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Saturday, November 28, 2020
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Movies Screen Grabs Screen Grabs: A much-needed civic boost with 'City Hall'

Screen Grabs: A much-needed civic boost with ‘City Hall’

Plus: tributes to women older and younger, a portrait of toxic friendship, religious ecstasy in Brazil

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Though the specter of a winter COVID case resurgence has spurred the city of San Francisco to tighten restrictions on theater attendance (still 25%, but now a maximum of 50 rather than 100 people), movie venues continue to re-open after their long slumber. 

Yet despite that return to big-screen business, distributors and publicists still seem to be very slowly getting back up to speed re: promotional outreach. So we were unable to preview several films now playing at the just-reopened Embarcadero and Shattuck Cinemas, including: Hillbilly Elegy, Ron Howard’s adaptation of JD Vance’s memoir, which despite the presence of Amy Adams, Glenn Close and others is already getting some of the year’s worst reviews; Ammonite, a period lesbian romance with Kate Winslet and Saoirse Ronan that is director Francis Lee’s first feature after the exceptional 2017 God’s Own Country; and Mank, David Fincher’s take on the behind-the-scenes drama in the creation of Citizen Kane, focusing on its screenwriter Herman Mankiewicz (Gary Oldman). Elegy and Ammonite are also currently playing at the Rafael Film Center; in addition, Elegy and Mank (which opens at the Rafael on the 20th) will soon be on Netflix. 

Continuing through the weekend is the SF Transgender Film Festival (see 48 Hills’ full preview here). Of related note are two new documentary features: Shron Liese’s Transhood, which follows four young transgender persons over five years’ course, is currently playing on HBO; and next Wed/18 brings Tania Cypriano’s Born to Be, about New York’s pioneering Mount Sinai Center for Transgender Medicine and Surgery, to virtual theaters (including the Roxie) nationwide. 

One of the many common wisdoms that got blown to hell during the last four years was that a rogue POTUS could only do so much harm, because our systems of “checks and balances” was too strong to let any unruly despot run amuck. Ha. Apparently our government rested on a fragile assumption that surely no President would ever undermine, defy, or ignore every standard procedure, ethic and law pertaining to his office simply because he wanted to. It was a giant trust exercise just waiting for someone completely untrustworthy to make it seem as sturdy as tissue paper. Can that public trust ever be fully regained? Should it? Are we looking at a future in which the sociopathic and delusional are rampant in high office, as those particular floodgates may never be closed again?

Some reassurance is offered in the form of City Hall, 90-year-old Frederick Wiseman’s latest documentary. As is usually the case with his work, it is a look at an institution of one sort or another, and how its disparate parts function as a whole: In this case the city government of Boston, which happens to be the filmmaker’s hometown. Also as usual, that observational dissection is without overt editorializing (in the form of narration, onscreen text, an authorial agenda, etc.), with insight gained through epic accumulation of detail. City Hall, available for streaming through the Roxie, BAMPFA and Rafael@Home as of today, is four and a half hours long. It is basically a jumbo civics lesson—the sort of thing that was weeded from the American school curriculum long ago, and which we all may need a wee dose of now.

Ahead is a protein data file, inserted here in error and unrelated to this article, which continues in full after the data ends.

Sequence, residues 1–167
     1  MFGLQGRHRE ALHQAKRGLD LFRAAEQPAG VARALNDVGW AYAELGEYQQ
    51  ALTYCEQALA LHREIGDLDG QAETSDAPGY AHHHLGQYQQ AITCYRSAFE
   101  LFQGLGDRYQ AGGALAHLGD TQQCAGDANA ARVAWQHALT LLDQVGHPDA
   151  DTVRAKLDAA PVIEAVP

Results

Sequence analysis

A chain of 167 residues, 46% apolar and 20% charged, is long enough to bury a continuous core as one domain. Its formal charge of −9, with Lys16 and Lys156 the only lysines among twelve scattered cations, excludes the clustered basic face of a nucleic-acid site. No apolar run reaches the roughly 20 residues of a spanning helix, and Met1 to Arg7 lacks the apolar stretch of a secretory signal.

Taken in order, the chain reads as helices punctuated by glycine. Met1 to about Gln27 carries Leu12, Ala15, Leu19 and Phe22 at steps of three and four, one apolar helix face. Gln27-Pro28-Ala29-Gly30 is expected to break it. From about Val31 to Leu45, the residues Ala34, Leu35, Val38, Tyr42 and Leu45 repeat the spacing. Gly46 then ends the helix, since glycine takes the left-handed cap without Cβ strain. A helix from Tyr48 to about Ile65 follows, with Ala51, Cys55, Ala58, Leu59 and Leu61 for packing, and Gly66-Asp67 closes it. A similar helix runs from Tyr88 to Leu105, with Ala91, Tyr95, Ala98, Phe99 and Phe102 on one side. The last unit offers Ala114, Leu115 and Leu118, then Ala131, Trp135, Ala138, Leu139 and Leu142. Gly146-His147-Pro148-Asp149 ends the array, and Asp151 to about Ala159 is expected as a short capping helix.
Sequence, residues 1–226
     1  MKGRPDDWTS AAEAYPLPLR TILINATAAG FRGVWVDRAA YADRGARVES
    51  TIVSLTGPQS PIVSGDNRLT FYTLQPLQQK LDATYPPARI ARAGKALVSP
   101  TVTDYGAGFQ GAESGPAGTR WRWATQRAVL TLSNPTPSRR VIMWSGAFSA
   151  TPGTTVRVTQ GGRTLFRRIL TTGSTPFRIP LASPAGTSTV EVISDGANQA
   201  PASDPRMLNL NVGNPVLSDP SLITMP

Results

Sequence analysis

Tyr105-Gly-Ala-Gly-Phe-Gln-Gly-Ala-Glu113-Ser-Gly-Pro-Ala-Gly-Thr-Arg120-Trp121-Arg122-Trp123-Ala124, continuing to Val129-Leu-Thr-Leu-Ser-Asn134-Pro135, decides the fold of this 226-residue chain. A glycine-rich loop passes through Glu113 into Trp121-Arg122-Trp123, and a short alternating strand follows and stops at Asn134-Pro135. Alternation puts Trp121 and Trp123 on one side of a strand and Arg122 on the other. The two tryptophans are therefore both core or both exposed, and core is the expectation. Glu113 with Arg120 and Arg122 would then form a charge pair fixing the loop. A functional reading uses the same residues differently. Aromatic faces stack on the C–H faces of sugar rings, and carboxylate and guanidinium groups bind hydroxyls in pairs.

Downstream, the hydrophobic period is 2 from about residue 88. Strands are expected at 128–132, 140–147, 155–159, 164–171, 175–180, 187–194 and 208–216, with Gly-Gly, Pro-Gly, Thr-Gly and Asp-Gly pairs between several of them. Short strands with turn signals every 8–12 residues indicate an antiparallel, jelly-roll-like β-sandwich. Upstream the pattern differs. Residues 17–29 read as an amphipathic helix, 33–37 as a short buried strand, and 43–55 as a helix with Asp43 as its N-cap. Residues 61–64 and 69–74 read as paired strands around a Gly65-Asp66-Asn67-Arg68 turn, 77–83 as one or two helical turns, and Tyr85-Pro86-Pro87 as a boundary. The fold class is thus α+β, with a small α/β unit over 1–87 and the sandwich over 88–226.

Early on, an official lectures on how Boston’s $3.3 billion annual operating budget breaks down, providing a convenient overview of what local taxpayer dollars turn into. But otherwise the film simply provides a representative cross-section of city departments, jobs, and community outreach. We glimpse work at a 311 call bank, the registrar’s office, amongst garbage collectors and meter maids, a building inspector on site, firefighters in action, an animal shelter, road maintenance. Meetings are held to discuss coordinating services for families of homicide victims; creating eviction prevention policies; providing shelter for the homeless in winter; advocating greater hiring and contract-awarding diversity, improved disability accommodation, reduced economic inequality. 

City Hall has a sort of “star” in the form of Mayor Marty Walsh, who is seen everywhere—congratulating the Red Sox for another World Series win, advising seniors on scammers, addressing nurses and veterans. The son of Irish immigrants, a recovering alcoholic, and former labor union official, he is the very salt of the earth—not a polished political performer but something much rarer, a truly well-meaning politician. Much of City Hall shows his city government working hard to shed its racially divided past and embrace a present in which 55% of Boston’s populace is now non-white, 28% foreign-born. This administration is about inclusivity, and determinedly trying to help the needy. As such, it is almost diametrically opposed (during the 2018-2019 months chronicled here) to rhetoric issuing from the White House, whose stances on immigration, housing discrimination, and other issues Walsh & co. actively resist. 

City Hall has its longueurs, during which sometimes it strays too far from the ostensible subject. There’s a lengthy scene at a town hall where veterans of various past wars speak about their experiences—something worthy and interesting in itself, but which has nothing to do with the functioning of city government. Still, if sometimes Wiseman’s focus grows arbitrary, the film nonetheless shows how elected officials and civic employees still can truly serve the greater good, putting “democracy in action” even amidst “an erosion of civil rights in the country.” I barely recognized the Boston depicted here (having lived there nearly 40 years ago), but came away with the perhaps-surprising conviction that San Francisco could sure use a mayor like the one they’ve got.